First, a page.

Thursday, September 2, 2010

Philippe Grandrieux's "La Vie Nouvelle" (2002)




Let me begin by quoting a part of the lyrics of the famous French song sung by a client of Melania: Jean Ferrat's Aimer à perdre la raison, from a poem by Louis Aragon. I don't find the poem, or the song, that beautiful in themselves, but they mean a lot to me as an element of La Vie Nouvelle:

Aimer à perdre la raison
Aimer à n'en savoir que dire
A n'avoir que toi d'horizon
Et ne connaître de saisons
Que par la douleur du partir
Aimer à perdre la raison

Ah, c'est toujours toi que l'on blesse
C'est toujours ton miroir brisé,
Mon pauvre bonheur ma faiblesse
Toi qu'on insulte et qu'on délaisse
Dans toute chair martyrisée.


In short, the first part talks about loving someone so much that you lose your mind, so much that the only thing on the horizon seems to be the loved one. The second part, not sung in the movie, describes the person being loved, who turns out to be broken, injured, insulted and martyrized by the society.

Perhaps the heart of La Vie Nouvelle, and the sublime art of Philippe Grandrieux can be explained by the two verses above. Broken, painful existences in search of love, seeking some form of communion with the other, who have their own miseries. Many people mistake La Vie Nouvelle for a sick porn movie, which it certainly looks like at points, I admit I had to struggle with it a long time. The violence on the screen is near unacceptable, especially because the director is flirting with it. But in fact, and this is clear to me as sunlight, the violence and the abuses in Grandrieux's films are always confessions, exorcisms. The "New Life" being talked about here begins after the discovery of love, or, maybe a phrase that can be used interchangably with love in Grandrieux's cinema, the discovery of an other. The harsh reality that came before only makes this "new life" more meaningful.


As Grandrieux says himself in the wonderful Nicole Brenez interview on Rouge:

"...always this story of what it is to be human, i.e. confronted with alterity, with the Other who is infinitely possible and yet infinitely closed and inaccessible, no matter what one does. And it’s from there that one journeys, works, loves, fucks…"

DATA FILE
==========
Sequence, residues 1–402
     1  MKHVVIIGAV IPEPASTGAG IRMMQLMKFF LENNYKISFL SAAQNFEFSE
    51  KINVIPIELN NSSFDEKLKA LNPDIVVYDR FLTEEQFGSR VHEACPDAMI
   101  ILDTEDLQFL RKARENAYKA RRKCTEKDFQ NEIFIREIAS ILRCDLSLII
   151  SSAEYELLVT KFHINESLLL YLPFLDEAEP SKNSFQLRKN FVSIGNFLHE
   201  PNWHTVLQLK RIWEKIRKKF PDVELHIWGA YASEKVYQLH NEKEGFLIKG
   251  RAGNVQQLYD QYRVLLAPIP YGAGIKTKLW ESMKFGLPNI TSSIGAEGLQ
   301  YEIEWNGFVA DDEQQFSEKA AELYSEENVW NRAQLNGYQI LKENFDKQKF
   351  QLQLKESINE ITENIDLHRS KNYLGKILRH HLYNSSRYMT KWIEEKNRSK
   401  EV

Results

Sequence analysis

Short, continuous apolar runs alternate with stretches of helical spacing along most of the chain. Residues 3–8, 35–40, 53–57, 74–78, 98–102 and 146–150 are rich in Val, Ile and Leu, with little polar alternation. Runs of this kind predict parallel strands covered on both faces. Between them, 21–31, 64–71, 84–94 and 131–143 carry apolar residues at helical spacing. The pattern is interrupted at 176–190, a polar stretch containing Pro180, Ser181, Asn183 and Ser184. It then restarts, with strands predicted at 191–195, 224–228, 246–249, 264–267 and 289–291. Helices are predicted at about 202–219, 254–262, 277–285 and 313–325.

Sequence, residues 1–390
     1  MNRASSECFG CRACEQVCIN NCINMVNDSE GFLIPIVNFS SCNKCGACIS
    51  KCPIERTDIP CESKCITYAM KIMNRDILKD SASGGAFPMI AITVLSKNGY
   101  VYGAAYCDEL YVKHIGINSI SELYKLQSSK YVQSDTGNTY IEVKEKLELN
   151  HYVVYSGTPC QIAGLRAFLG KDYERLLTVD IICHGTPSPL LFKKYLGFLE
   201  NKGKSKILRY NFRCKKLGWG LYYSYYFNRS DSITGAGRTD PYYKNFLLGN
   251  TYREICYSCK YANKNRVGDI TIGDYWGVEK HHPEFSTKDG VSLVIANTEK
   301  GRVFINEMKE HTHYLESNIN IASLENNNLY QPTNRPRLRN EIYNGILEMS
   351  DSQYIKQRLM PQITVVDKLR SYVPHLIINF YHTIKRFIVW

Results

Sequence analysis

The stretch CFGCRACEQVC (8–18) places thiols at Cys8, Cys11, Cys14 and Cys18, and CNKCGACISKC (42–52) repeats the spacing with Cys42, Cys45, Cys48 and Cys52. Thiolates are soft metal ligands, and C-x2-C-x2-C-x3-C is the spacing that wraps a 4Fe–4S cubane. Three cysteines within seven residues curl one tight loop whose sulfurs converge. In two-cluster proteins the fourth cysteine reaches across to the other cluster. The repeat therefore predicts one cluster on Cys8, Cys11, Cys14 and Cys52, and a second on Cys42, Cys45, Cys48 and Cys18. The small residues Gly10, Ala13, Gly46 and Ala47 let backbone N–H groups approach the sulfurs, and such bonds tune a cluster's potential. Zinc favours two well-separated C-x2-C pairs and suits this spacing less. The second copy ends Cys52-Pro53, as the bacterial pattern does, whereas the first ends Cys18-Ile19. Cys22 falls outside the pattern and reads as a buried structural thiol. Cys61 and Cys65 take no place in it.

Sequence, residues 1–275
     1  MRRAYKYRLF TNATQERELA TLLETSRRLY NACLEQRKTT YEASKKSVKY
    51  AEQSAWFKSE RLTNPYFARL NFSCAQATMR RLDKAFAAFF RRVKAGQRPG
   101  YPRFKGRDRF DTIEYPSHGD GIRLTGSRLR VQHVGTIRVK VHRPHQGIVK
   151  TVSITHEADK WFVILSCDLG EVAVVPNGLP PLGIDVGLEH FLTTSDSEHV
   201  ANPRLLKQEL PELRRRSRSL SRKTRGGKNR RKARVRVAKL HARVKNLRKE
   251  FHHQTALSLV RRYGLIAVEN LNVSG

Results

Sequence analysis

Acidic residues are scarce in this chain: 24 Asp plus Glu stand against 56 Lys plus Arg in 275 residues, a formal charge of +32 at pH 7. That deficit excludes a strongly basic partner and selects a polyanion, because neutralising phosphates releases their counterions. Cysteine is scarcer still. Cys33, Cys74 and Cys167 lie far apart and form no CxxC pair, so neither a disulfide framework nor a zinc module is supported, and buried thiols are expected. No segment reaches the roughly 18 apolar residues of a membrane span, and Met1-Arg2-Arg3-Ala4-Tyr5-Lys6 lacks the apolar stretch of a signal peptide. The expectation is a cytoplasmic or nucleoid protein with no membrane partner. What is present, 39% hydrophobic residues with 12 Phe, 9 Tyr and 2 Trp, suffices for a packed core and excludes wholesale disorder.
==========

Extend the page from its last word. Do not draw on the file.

By the way, "La Vie Nouvelle" is the official French translation of Dante's text "La Vita Nuova", a collection of gorgeous love poems. The hommage seems unmistakable.




Human beings are animals, dogs in La Vie Nouvelle, with potential for extremely elevated feelings. But the lack of these in daily life is the cause of the suffering. This animality, corporality, and the biology that drives it finds its perfect expression in a scene shot with a THERMAL CAMERA, nothing less, so what is recorded on celluloid isn't light, but the heat of human (and/or animal?) bodies. Here's what Grandrieux says about the scene, again from the Brenez interview:


"(...) the principle is that it is no longer light which makes an impression. With infrared photography, you must use an infrared light, a beaming light that illuminates the bodies, and the reflection of that registers on the celluloid. But here, there is no light. It is the animal warmth of the bodies which imprints itself on the celluloid. The scene was shot in total darkness; no one could see anything except me through the camera. All the participants were in an absolute blackout, and they moved around in a deranged state."





Adrian Martin's incredible article at Kinoeye touches at the heart of the matter. Reading the following paragraph the first time brought tears to my eyes, because it is so accurate, and reminds moments at the very extremes of my cinematic experience. The "French client" he talks about in the last sentence is the one singing the song Aimer à perdre la raison:

"Mise en scène—the art of bodies in space—is always, subtly or overtly, a dance, but this is the dance of death, the living death of everyday power relations. The two scenes of Mélania's prostitution, one placed directly after the other in Grandrieux's cinema of cruelty, provide an inventory of bodily postures figuring fright, uncertainty, panic and stress, a primal, physical language of animals under threat: Seymour's instant post-coital blues, Mélania's vulnerable nakedness, and the icy upper-body stress of the French client, who finally withdraws into himself and away from the Other in order to masturbate in a fuzzy, atomised blur."




Here's Grandrieux talking about the making of La Vie Nouvelle (Brenez interview):

"The film was made under the sign of enormous heat, vital energy, the blazing sun. That surpasses desire, it is even more archaic and formative; it comes from the sun itself, from a star beyond us that we aspire to, in a totally chaotic way. This aspiration towards great energy and happiness, it infused the film, which we made in a wild state of joy, six weeks of shooting like a single stroke, without a second thought [arrière-pensée]."


And finally, and again from the same interview, here's a quote by Grandrieux you might have encountered elsewhere on this blog, one of the finest ideals ever set for art:

"Not a film like a tree, with a trunk and branches, but like a field of sunflowers, a field of grass growing everywhere."

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